Karen Bagheri v. Dwight Bailey

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UNPUBLISHED PER CURIAM OPINION filed. Originating case number: 1:14-cv-00077-JPJ Copies to all parties and the district court/agency. [1000180098]. [16-1712]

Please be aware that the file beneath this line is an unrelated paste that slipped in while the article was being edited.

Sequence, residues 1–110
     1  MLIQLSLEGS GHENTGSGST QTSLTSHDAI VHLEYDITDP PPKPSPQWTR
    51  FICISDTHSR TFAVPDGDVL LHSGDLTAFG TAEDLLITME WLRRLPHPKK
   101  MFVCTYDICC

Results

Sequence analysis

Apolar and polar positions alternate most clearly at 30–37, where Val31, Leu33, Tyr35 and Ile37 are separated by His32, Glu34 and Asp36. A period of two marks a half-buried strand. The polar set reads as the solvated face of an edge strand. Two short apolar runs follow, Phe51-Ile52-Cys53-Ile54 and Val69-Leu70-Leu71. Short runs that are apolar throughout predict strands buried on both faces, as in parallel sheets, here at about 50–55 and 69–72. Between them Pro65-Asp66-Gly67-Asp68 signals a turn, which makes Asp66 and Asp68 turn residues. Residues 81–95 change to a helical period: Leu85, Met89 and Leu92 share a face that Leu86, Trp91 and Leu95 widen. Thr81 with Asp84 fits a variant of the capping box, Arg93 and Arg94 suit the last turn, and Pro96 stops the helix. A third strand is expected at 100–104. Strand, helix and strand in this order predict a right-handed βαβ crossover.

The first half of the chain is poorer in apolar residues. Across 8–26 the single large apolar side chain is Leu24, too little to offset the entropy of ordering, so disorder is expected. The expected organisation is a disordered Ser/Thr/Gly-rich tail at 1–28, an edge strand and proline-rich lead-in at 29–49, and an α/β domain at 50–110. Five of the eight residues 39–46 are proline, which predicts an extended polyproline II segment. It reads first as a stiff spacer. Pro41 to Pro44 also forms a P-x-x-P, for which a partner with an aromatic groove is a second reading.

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Appeal: 16-1712 Doc: 47 Filed: 10/25/2017 Pg: 1 of 20 UNPUBLISHED UNITED STATES COURT OF APPEALS FOR THE FOURTH CIRCUIT No. 16-1712 KAREN TAYLOR BAGHERI, Administrator of the Estate of Shawn Matthew McKee, deceased, Plaintiff - Appellee, v. DWIGHT L. BAILEY, M.D.; APPALACHIAN EMERGENCY PHYSICIANS, Defendants - Appellants, and FAMILY HEALTH CARE ASSOCIATES OF SOUTHWEST VIRGINIA, PC, Defendant. Appeal from the United States District Court for the Western District of Virginia, at Abingdon. James P. Jones, District Judge. (1:14-cv-00077-JPJ) Argued: September 13, 2017 Decided: October 25, 2017 Before KING and THACKER, Circuit Judges, and John A. GIBNEY, Jr., District Judge for the Eastern District of Virginia, sitting by designation. Affirmed by unpublished per curiam opinion. Appeal: 16-1712 Doc: 47 Filed: 10/25/2017 Pg: 2 of 20 ARGUED: Frank Kenneth Friedman, WOODS ROGERS, PLC, Roanoke, Virginia, for Appellants. Monica Taylor Monday, GENTRY LOCKE, Roanoke, Virginia, for Appellee. ON BRIEF: Michael P. Gardner, WOODS ROGERS, PLC, Roanoke, Virginia; James N.L. Humphreys, Jimmie C. Miller, HUNTER SMITH DAVIS, LLP, Kingsport, Tennessee, for Appellants. Unpublished opinions are not binding precedent in this circuit. 2 Appeal: 16-1712 Doc: 47 Filed: 10/25/2017 Pg: 3 of 20 PER CURIAM: Dwight L. Bailey, M.D. (“Dr. Bailey”) and Appalachian Emergency Physicians (“AEP”) (collectively, “Appellants”) appeal from a $2.75 million jury verdict in favor of Karen Taylor Bagheri (“Appellee”) in a medical malpractice action involving death. On appeal, Appellants argue, among other issues, that the district court erred in denying their motions for mistrial and new trial after several jurors admitted to having seen negative news reports about Dr. Bailey during the trial and after Appellee introduced evidence that Dr. Bailey’s medical license had been suspended. We conclude that the district court did not abuse its discretion in denying Appellants’ motions because it correctly applied the relevant law and took corrective measures to mitigate any prejudice. Further, the record lacks evidence that either the news reports about the trial or the testimony about Dr. Bailey’s license suspension influenced the verdict. I. A. The decedent presented to the emergency room at a Virginia hospital on June 7, 2013, complaining of chest and back pain, shortness of breath, and other symptoms. He also had a “red toe that was . . . draining.” J.A. 879. 1 As the emergency room physician on duty, Dr. Bailey examined the decedent and conducted a series of diagnostic tests. 1 Citations to the “J.A.” refer to the Joint Appendix filed by the parties in this appeal. 3 Appeal: 16-1712 Doc: 47 Filed: 10/25/2017 Pg: 4 of 20 One such test Dr. Bailey ordered was a CT scan. However, at 460 pounds, the decedent was too heavy for the hospital’s CT machine. Dr. Bailey ultimately concluded that the decedent’s symptoms were caused by acute bronchitis and a foot infection. Upon discharging the decedent, Dr. Bailey verbally instructed the decedent to seek a CT scan if he did not feel better. Five days later, on June 12, 2013, the decedent and his family moved from Virginia to Idaho, a cross-country trip that lasted four days. Although the decedent’s cough persisted during the drive and after the family arrived in Idaho, the decedent seemed to be feeling better and was not in pain. On June 24, 2013 -- 17 days after he presented to the emergency room in Virginia -- the decedent’s cough suddenly worsened, and “he started coughing so hard that he passed out.” J.A. 628. However, the decedent did not go to the hospital that night. The next morning, he began to suffer from shortness of breath, and his wife called an ambulance. The decedent stopped breathing entirely and went into cardiac arrest around the time the ambulance arrived at the hospital. Efforts to resuscitate him were unsuccessful, and he was pronounced dead shortly after his arrival at the hospital. An autopsy concluded that a pulmonary artery thromboembolism 2 caused the decedent’s death. 2 A pulmonary artery thromboembolism is a blood clot located in the lungs. See J.A. 552, 694. 4 Appeal: 16-1712 Doc: 47 Filed: 10/25/2017 Pg: 5 of 20 Appellee, the mother of the decedent and the administrator of his estate, filed a medical malpractice action against Appellants on October 28, 2014, alleging that Dr. Bailey failed to diagnose a pulmonary embolism that resulted in the decedent’s death. The case eventually went to trial, which began on Wednesday, December 2, 2015. The trial lasted four days. B. During jury selection, outside the presence of the other members of the venire, the court individually questioned several potential jurors who indicated that they had heard of Dr. Bailey. Some of these venire members expressed that they knew Dr. Bailey had previously been accused of overprescribing opioids to his patients. Prior to the start of the third day of trial, Appellants’ counsel informed the district court that several local television stations had run a story about the trial and Dr. Bailey, and one of those stations had posted an article about Dr. Bailey on Facebook. These news reports stated, A civil trial has begun against a Russell County doctor accused of malpractice. The estate of Shawn Matthew McKee is suing Dr. Dwight Bailey and two other defendants for $3 million. McKee died while under Bailey’s care; one of five patients over a period of six years. Last year, the Virginia Department of Health suspended Bailey’s license to practice medicine for two years, finding Bailey prescribed large amounts of opiate drugs to several patients with drug-seeking behavior. Bailey and his co-defendants have denied any negligence in the treatment of McKee. J.A. 992. The Facebook post also included a headline reading, “Va. doctor on trial for deadly malpractice involving drugs.” Id. at 993. 5 Appeal: 16-1712 Doc: 47 Filed: 10/25/2017 Pg: 6 of 20 The television news stories aired on several local stations’ 5:00 p.m. and 6:00 p.m. newscasts on Thursday, December 3, 2015, and the Facebook article was posted around the same time. After seeing the news reports, Appellants’ counsel contacted at least one television station to correct the false statement that the trial involved drugs and to remove prejudicial facts from the stories. As a result, an updated version of the Facebook article was posted later that night, and the updated story ran on the 11:00 p.m. newscast on December 3 as well as on the next morning’s newscast. On the afternoon of Friday, December 4, 2015, after allowing Appellants’ counsel time to obtain copies of the news reports, the district court asked the jurors if any of them had been exposed to the reports. Four jurors indicated that they had. The district court then excused the jury to the jury room and individually questioned each of the four identified jurors about what they had been exposed to and whether it would affect their fairness and impartiality. Two jurors stated that they were “in the other room” when the television mentioned Dr. Bailey, and one of those jurors heard a statement about an amount of money sought in the trial. See J.A. 912, 915. A third juror stated that he saw the story “on the news” the previous evening and that it “mentioned the names, and . . . said it was over, like an overdose, or something like that.” Id. at 917. This juror called the news story “pretty much gossip” and said that “[i]t wasn’t anything we were doing here today.” Id. Only one juror saw the Facebook post. That juror explained that he was “scrolling down Facebook” when he saw “Dr. Bailey’s picture . . . , and [he] clicked it.” J.A. 913. He stated that the story “was stuff not even about this case” and “was something about 6 Appeal: 16-1712 Doc: 47 Filed: 10/25/2017 Pg: 7 of 20 [Dr. Bailey] over medicating, or something.” Id. at 913–14. This juror further stated that he told the other jurors about seeing the Facebook post but did not go into detail about its contents. A fifth juror heard another juror say that his wife told him “[t]hat the case was about over medicating somebody, and that the amount being sued for was around $3,000,000, [but] he put that off to reporters getting everything wrong.” Id. at 921. Most importantly, each of these five jurors assured the district court that any information he or she heard had no effect on his or her ability to be fair and impartial and had not influenced his or her perception of the case. Appellants moved for mistrial on the basis of the news reports and Facebook post, arguing that the information had prejudiced the jury. The district court denied the motion. In concluding that there was no “reasonable possibility or probability” that the jury was influenced by the news reports, the district court determined that the jurors’ exposure was “brief and inconsequential” and that the jurors understood “what this case is about, which doesn’t have anything to do with drugs.” J.A. 926, 929. The jury returned to the courtroom, and the district court instructed the jurors to put the news reports “out of [their] mind[s].” Id. at 931. When trial resumed shortly afterward, Appellee’s counsel asked Dr. Bailey on cross-examination if his “license ha[d] been suspended” and if Dr. Bailey “agreed to have [his] license suspended.” J.A. 940. Appellants’ counsel objected to this line of questioning, and the district court overruled the objection. After the jury had been excused for the day, the district court asked Appellee’s counsel about the “relevance” of the license suspension testimony and expressed concern that it was raised without 7 Appeal: 16-1712 Doc: 47 Filed: 10/25/2017 Pg: 8 of 20 advance warning to the court or to opposing counsel. Appellee’s counsel argued that the questioning was appropriate because Appellants presented Dr. Bailey as an expert witness on the issue of the standard of care. Appellants’ counsel moved for mistrial, which the district court ultimately denied on the next trial day, Monday, December 7, 2015. However, the district court concluded that the questioning regarding Dr. Bailey’s suspended license was “unfairly prejudicial” because “the license suspension had [nothing] to do with the issues of malpractice asserted in this case.” J.A. 1010. In this regard, when the jury entered the courtroom that morning, the district court explained to the jury that it “made a mistake” in overruling the objection by Appellants’ counsel and instructed the jury to “completely disregard that evidence, and not consider it or even discuss it in [the] deliberations.” Id. at 1013. The jury eventually returned a verdict of $2.75 million in favor of Appellee. Appellants filed a motion for new trial, arguing that the jury was influenced by the negative news reports and the evidence that Dr. Bailey’s medical license was suspended, among other issues. The district court denied the motion, holding that “the jury was not prejudiced by the news reports,” J.A. 1527, and that the curative instruction as to the license suspension issue “negated the information’s effect,” id. at 1536. Appellants timely appealed. II. In general, we review the district court’s denial of a motion for mistrial or new trial for abuse of discretion. See United States v. Johnson, 587 F.3d 625, 631 (4th Cir. 2009) (mistrial); United States v. Basham, 561 F.3d 302, 319 (4th Cir. 2009) (new trial). 8 Appeal: 16-1712 Doc: 47 Filed: 10/25/2017 Pg: 9 of 20 “[I]n cases involving possible improper communication with jurors, . . . we apply a ‘somewhat narrowed’ modified abuse of discretion standard that grants us ‘more latitude to review the trial court’s conclusion in this context than in other situations.’” Basham, 561 F.3d at 319 (quoting United States v. Cheek, 94 F.3d 136, 140 (4th Cir. 1996)). The district court abuses its discretion “when its conclusion is ‘guided by erroneous legal principles’ or ‘rests upon a clearly erroneous factual finding.’” In re Jemsek Clinic, P.A., 850 F.3d 150, 156 (4th Cir. 2017) (quoting Westberry v. Gislaved Gummi AB, 178 F.3d 257, 261 (4th Cir. 1999)). Further, the district court may not “act[] arbitrarily, as if neither by rule nor discretion” or “fail[] to adequately take into account judicially recognized factors constraining its exercise of discretion.” United States v. Alvarado, 840 F.3d 184, 189 (4th Cir. 2016) (alterations and internal quotation marks omitted). A new trial is warranted “only if the verdict: (1) is against the clear weight of the evidence; (2) is based upon false evidence; or (3) will result in a miscarriage of justice.” EEOC v. Consol Energy, Inc., 860 F.3d 131, 145 (4th Cir. 2017). III. A. Jury Exposure to News Reports 1. Appellants argue that the district court erred in denying their motions for mistrial and new trial after several jurors were exposed to prejudicial news reports about Dr. Bailey during trial. When “prejudicial publicity is brought to the court’s attention during a trial,” the district court must first determine if any jurors were exposed to that publicity 9 Appeal: 16-1712 Doc: 47 Filed: 10/25/2017 Pg: 10 of 20 and then examine each juror “individually and outside the presence of the other jurors, to determine the effect of the publicity.” United States v. Hankish, 502 F.2d 71, 77 (4th Cir. 1974) (quoting Margoles v. United States, 407 F.2d 727, 735 (7th Cir. 1969)). The district court must then, “in its sound discretion, take appropriate measures to assure a fair trial,” such as “cautionary instructions, excusing individual jurors when alternates are available, or a mistrial if nothing else will cure the prejudice.” Id. (footnotes omitted). In this case, the district court followed these procedures and gave a cautionary instruction to the jury, charging the jurors to “put [the news reports] out of [their] mind[s].” J.A. 931. We presume that the jury followed such an instruction where, as here, there is “no reason to believe that the jury . . . ignored the curative instruction or otherwise was confused.” EEOC v. Consol Energy, Inc., 860 F.3d 131, 146 (4th Cir. 2017). Thus, under Hankish, the district court here did all that was required of it. 2. Nonetheless, Appellant contends that the news reports should be deemed presumptively prejudicial pursuant to Remmer v. United States (Remmer I), 347 U.S. 227 (1954), reh’g granted, 348 U.S. 904 (1955). In Remmer I, the Supreme Court held that “any private communication, contact, or tampering, directly or indirectly, with a juror during a trial about the matter pending before the jury” merits a presumption of prejudice if it is “not made in pursuance of known rules of the court and the instructions and directions of the court made during the trial, with full knowledge of the parties.” 347 U.S. at 229. The Remmer presumption applies when “the party attacking the verdict” demonstrates that “extrajudicial communications or contacts [between a juror and a third 10 Appeal: 16-1712 Doc: 47 Filed: 10/25/2017 Pg: 11 of 20 party] were more than innocuous interventions.” Barnes v. Joyner, 751 F.3d 229, 245 (4th Cir. 2014) (quoting United States v. Cheek, 94 F.3d 136, 141 (4th Cir. 1996)). Significantly, “not every allegation of an unauthorized communication between a juror and a third party will trigger” the presumption. Id. at 244. Appellee argues that the Remmer presumption does not apply to juror exposure to public communications such as news reports. But we need not reach the issue because Appellant’s arguments fail even if we apply the Remmer presumption in this case. 3 Upon application, “[t]he burden . . . shifts to the prevailing party to prove that there exists no reasonable possibility that the jury’s verdict was influenced by an improper communication.” Cheek, 94 F.3d at 141 (internal quotation marks omitted). In determining whether such a possibility exists, the district court is to consider the extent of the improper communication; the extent to which the communication was discussed and considered by the jury; the type of information communicated; the timing of the exposure; and the strength of the opposing party’s case. See United States v. Basham, 561 F.3d 302, 320 (4th Cir. 2009). Of these, the extent of the communication is “the most important factor.” Id. The district court properly considered these factors here. It determined that the jurors’ exposure to the news reports was “brief and inconsequential.” J.A. 929. Indeed, the jurors’ combined exposure lasted, at most, several minutes. One juror saw the entire 3 The district court applied the presumption “out of an abundance of caution” and reached the same result. See J.A. 1525. 11 Appeal: 16-1712 Doc: 47 Filed: 10/25/2017 Pg: 12 of 20 20-to-30-second news clip on television, and two others heard parts of the segment from another room in their homes. Only one juror “took an affirmative step” to intentionally read the Facebook post about the trial. Id. at 1527. The district court referred to this juror’s conduct as “a momentary lapse in judgment” but determined that the juror “had not been prejudiced” by the information. Id. at 1528. Notably, Appellants did not request that this juror, or any of the others, be removed from the panel due to their exposure to the news reports. Moreover, after questioning each juror individually about what he or she heard or saw, the district court concluded that the jurors “believe[d] that the TV station just got it wrong” and that they understood the case “doesn’t have anything to do with drugs.” J.A. 929. The jurors’ brief exposure to the news reports gave them very little opportunity to glean any prejudicial information, and no juror indicated that he or she learned from the news reports that Dr. Bailey’s medical license had been suspended. Most importantly, the district court “d[id] not believe that anything [the jurors] saw or heard influenced them such that they would be incapable of rendering a fair and impartial verdict in the case.” Id. To emphasize that the jurors were not to further consider the news reports, the district court also told the jurors that the reports did not “ha[ve] any relation to this case” and instructed them to “put [anything they had seen or heard] out of [their] mind[s].” Id. at 931. 4 4 Additionally, at least one of the jurors who was exposed to the news reports already knew that Dr. Bailey had previously been accused of overprescribing opioids to his patients. Juror Kilgore was among the potential jurors who stated during jury (Continued) 12 Appeal: 16-1712 Doc: 47 Filed: 10/25/2017 Pg: 13 of 20 3. On the whole, the record demonstrates that the district court took the issue of improper influence seriously. Appellants were permitted to collect the news reports and provide copies to the district court before the district court raised the issue with the jury. The district court asked each juror who was exposed to the news reports about what he or she read or heard and whether that would affect his or her perception of the case. The jurors indicated that they believed the story was not related to the trial and that they understood not to consider the information. The district court, which was in the best position to observe the jurors’ demeanor and evaluate their credibility, determined that the jurors did not “draw any [prejudicial] conclusions” from the news reports. J.A. 1526. Nothing about the district court’s process or its ultimate conclusion suggests an abuse of discretion. It employed the Remmer presumption despite doubts about the applicability of the Remmer presumption to public communications, conducted the required evidentiary hearing, and determined that there was no reasonable possibility that the news reports improperly influenced the jury. Even under the “narrowed” abuse of discretion standard we must apply here, there are no grounds for reversal. selection that they had heard of Dr. Bailey and his alleged over-prescription of opioids. Yet, neither party moved to have Juror Kilgore excluded for cause as a result of the fact that he knew this information. 13 Appeal: 16-1712 Doc: 47 Filed: 10/25/2017 Pg: 14 of 20 B. Cross-Examination Regarding License Suspension Appellants contend that the district court erred in denying their motions for mistrial and new trial after Appellee introduced evidence at trial that Dr. Bailey’s medical license had been suspended. According to Appellants, the probative value of this line of questioning was substantially outweighed by its prejudice to Dr. Bailey. In addition, Appellants emphasize that the questioning violated an agreement between the parties, not to mention in the presence of the jury, that Dr. Bailey’s license had been suspended. 1. The district court initially overruled Appellants’ objection but ultimately determined that the testimony about Dr. Bailey’s license suspension was unfairly prejudicial because the reason for the suspension was unrelated to the case. The district court has “broad discretion” to make this determination, and we see no reason to disturb the district court’s decision to ultimately exclude the evidence. See Minter v. Wells Fargo Bank, N.A., 762 F.3d 339, 349 (4th Cir. 2014) (“Under Federal Rule of Evidence 403, determining whether the probative value of evidence is substantially outweighed by the danger of unfair prejudice, misleading the jury, or confusion of the issues is within the district court’s broad discretion.”). 2. The parties agreed prior to trial that Appellee would “not seek to inform the jury that Dr. Bailey [wa]s . . . not licensed to practice medicine unless [Appellants] introduce[d] evidence which ma[de] Dr. Bailey’s lack of a license relevant.” J.A. 1280. 14 Appeal: 16-1712 Doc: 47 Filed: 10/25/2017 Pg: 15 of 20 Then, during trial, when they called Dr. Bailey as an expert witness as to the standard of care in a medical malpractice action, 5 Appellants made this issue relevant. Appellants asked Dr. Bailey if he “believe[d] that [his] care and treatment of [the decedent] met the standard of care” and asked him to explain why he believed the standard of care had been met. Id. at 903. Under Virginia law, a standard of care witness in a medical malpractice action who is not licensed by the state at the time of trial must have “had active clinical practice . . . within one year of the date of the alleged act or omission forming the basis of the action” to be qualified to testify as to the applicable standard of care. See Va. Code Ann. § 8.01-581.20 (2015). Dr. Bailey technically met this requirement. However, the fact that Dr. Bailey was not licensed at the time of trial is clearly relevant to the credibility of his testimony that he “believe[d]” -- at the time of trial -- that he satisfied the standard of care when he treated the decedent. Therefore, Appellee was well within the realm of reasonableness to ask Dr. Bailey about the suspension of his license. 5 There is some question as to whether Dr. Bailey was properly designated to testify on this subject in the first place. Appellants’ initial expert disclosures state that Dr. Bailey would testify “to the subject matters of causation, damages, and his care and treatment of [the decedent].” J.A. 1281–82. To the extent that the standard of care may be subsumed within “care and treatment,” Appellants technically designated Dr. Bailey as a standard of care expert. However, the fact that there was some confusion at trial as to the extent of Dr. Bailey’s expert testimony suggests that Appellants’ language should have been clearer if in fact they intended to designate Dr. Bailey as a standard of care expert from the outset. 15 Appeal: 16-1712 Doc: 47 Filed: 10/25/2017 Pg: 16 of 20 3. Further, the district court took sufficient measures to mitigate the possibility that the jury would be influenced by the evidence. At the earliest opportunity after determining that it should have sustained Appellants’ objection to the questioning, the district court explained that it “made a mistake” and instructed the jury to “completely disregard that evidence, and not consider it or even discuss it in [the] deliberations” because it “ha[d] nothing at all to do with this case, or with the treatment of [the decedent] by Dr. Bailey.” J.A. 1013. We see no inherent prejudice to Appellants in the fact that the district court modified its ruling admitting the testimony after a weekend recess, and the delay in providing the curative instruction does not in itself indicate abuse of discretion. See United States v. Wallace, 515 F.3d 327, 331 (4th Cir. 2008). The district court, which “was in the best position to assess” the impact of the evidence on the jury, concluded that the curative instruction it gave was sufficient. See Arizona v. Washington, 434 U.S. 497, 514–15 (1978). Moreover, Appellants were permitted to present an additional expert witness to testify as to the standard of care. Under these circumstances, the district court did not abuse its discretion by initially overruling Appellants’ objection to the line of questioning about the suspension of Dr. Bailey’s medical license. C. The remaining issues raised by Appellant likewise do not warrant granting a new trial. 16 Appeal: 16-1712 Doc: 47 Filed: 10/25/2017 Pg: 17 of 20 1. Exclusion of Testimony Regarding Dr. Bailey’s Discharge Instructions The district court took great care to avoid the presentation of evidence that would create an inference of contributory negligence on the part of the decedent, given that Appellants were barred from asserting this defense. See Chandler v. Graffeo, 604 S.E.2d 1, 5 (Va. 2004) (“To constitute contributory negligence in a medical-malpractice case [pursuant to Virginia law], a plaintiff’s negligence must be contemporaneous with the claimed defendant’s negligence.”). The district court held prior to trial that there was no evidence of contemporaneous negligence on the part of the decedent, and Appellants do not challenge that ruling on appeal. On this basis, the district court properly excluded evidence that the decedent’s wife told the emergency room physician at the hospital in Idaho that Dr. Bailey instructed the decedent to obtain a CT scan if he did not feel better. To the extent that this evidence supported Appellants’ assertion that a CT scan was unnecessary because the decedent improved with treatment, this argument was presented at trial. Dr. Bailey testified about his discharge instructions, and several other witnesses testified that the decedent did feel better in the days leading up to his death. Additional testimony on this point from the decedent’s wife was therefore unnecessary, and it is unlikely that its exclusion prejudiced Appellants. 2. Jury Instruction Regarding “Duty” to Arrange CT Scan We also find no abuse of discretion in the district court’s jury instruction “that after seeing Dr. Bailey, [the decedent] had no duty to arrange his own CT scan.” J.A. 17 Appeal: 16-1712 Doc: 47 Filed: 10/25/2017 Pg: 18 of 20 1127. The district court apparently thought it necessary to give this instruction in order to prevent an inference of contributory negligence because it was “not an issue in this case” and there was “no evidence supporting” it. Id. at 1084. “[W]e accord the district court much discretion to fashion the charge.” Noel v. Artson, 641 F.3d 580, 586 (4th Cir. 2011) (internal quotation marks omitted). Even if the district court could have framed the instruction differently, there is nothing in the record to indicate that its failure to do so “seriously impaired [Appellants’] ability to conduct [their] defense.” United States v. Passaro, 577 F.3d 207, 221 (4th Cir. 2009) (describing standard for “reversible error in refusing to provide a proffered jury instruction”). Appellants argued at trial that a CT scan was entirely unnecessary because the decedent’s condition improved with the treatment Dr. Bailey prescribed. By contrast, Appellee’s expert witnesses testified that a CT scan was required despite any later improvement. The jury was entitled to believe either standard of care theory. In this light, giving the instruction as Appellants requested -- or not giving it at all -- would have no bearing on the evidence Appellants presented at trial. 3. Jury Instruction Regarding “Corroboration” of Dr. Bailey’s Testimony For similar reasons, we find no reversible error in the district court’s instruction that “[t]here can be no verdict against the plaintiff based on the uncorroborated testimony of Dr. Bailey.” J.A. 1127. The jury instructions are deemed sufficient if “construed as a whole, [they] properly informed the jury of the controlling legal principles without misleading or confusing the jury.” Hartsell v. Duplex Prods., Inc., 123 F.3d 766, 775 18 Appeal: 16-1712 Doc: 47 (4th Cir. 1997). Filed: 10/25/2017 Pg: 19 of 20 The district court’s instruction with regard to the uncorroborated testimony of Dr. Bailey was an accurate statement of Virginia law. See Va. Code Ann. § 8.01-397 (2015) (providing that “[i]n an action by or against any person who . . . is incapable of testifying, . . . no judgment . . . shall be rendered in favor of an adverse or interested party founded on his uncorroborated testimony”). Moreover, any resulting prejudice to Appellants is minimal because there is nothing to indicate that the jury disregarded any of Dr. Bailey’s testimony for lack of corroboration. 4. Damages Finally, we find no error in admitting the damages calculation performed by Appellee’s damages expert. To calculate the decedent’s personal consumption of his expected income for the remainder of his lifetime, Appellee’s expert used information about the decedent’s income, family size, and the number and ages of the children in the household, as well as statistical rates corresponding to this data. To determine the value of the household services performed by the decedent, the expert spoke with the decedent’s wife about the kinds of activities the decedent performed in the household and the amount of time per week the decedent spent doing these tasks. The expert then multiplied the amount of time spent by the national average hourly rate for such services. Appellants assert that the expert “inflated” the overall damages calculation by failing to include facts related to the decedent’s financial situation and by relying on national statistical data not tailored to the decedent personally. However, the expert employed an “accepted method” of determining an individual’s projected consumption 19 Appeal: 16-1712 Doc: 47 Filed: 10/25/2017 Pg: 20 of 20 by applying facts specific to the decedent and his family to the statistical data. See J.A. 170. He also explained that he used a national rate to determine the value of the decedent’s household services rather than a local rate because the decedent lived in “two places . . . almost completely across the country,” and because the rate included “a variety of jobs.” Id. at 679. Absent some other indication that the expert’s methodology was unreliable, it cannot be said that the district court abused its discretion in permitting the expert to testify as to this calculation. See United States v. Wilson, 484 F.3d 267, 273–74 (4th Cir. 2007) (stating that “the test of reliability is flexible” and discussing district court’s discretion in determining whether expert testimony is reliable). IV. For the foregoing reasons, the order of the district court is AFFIRMED. 20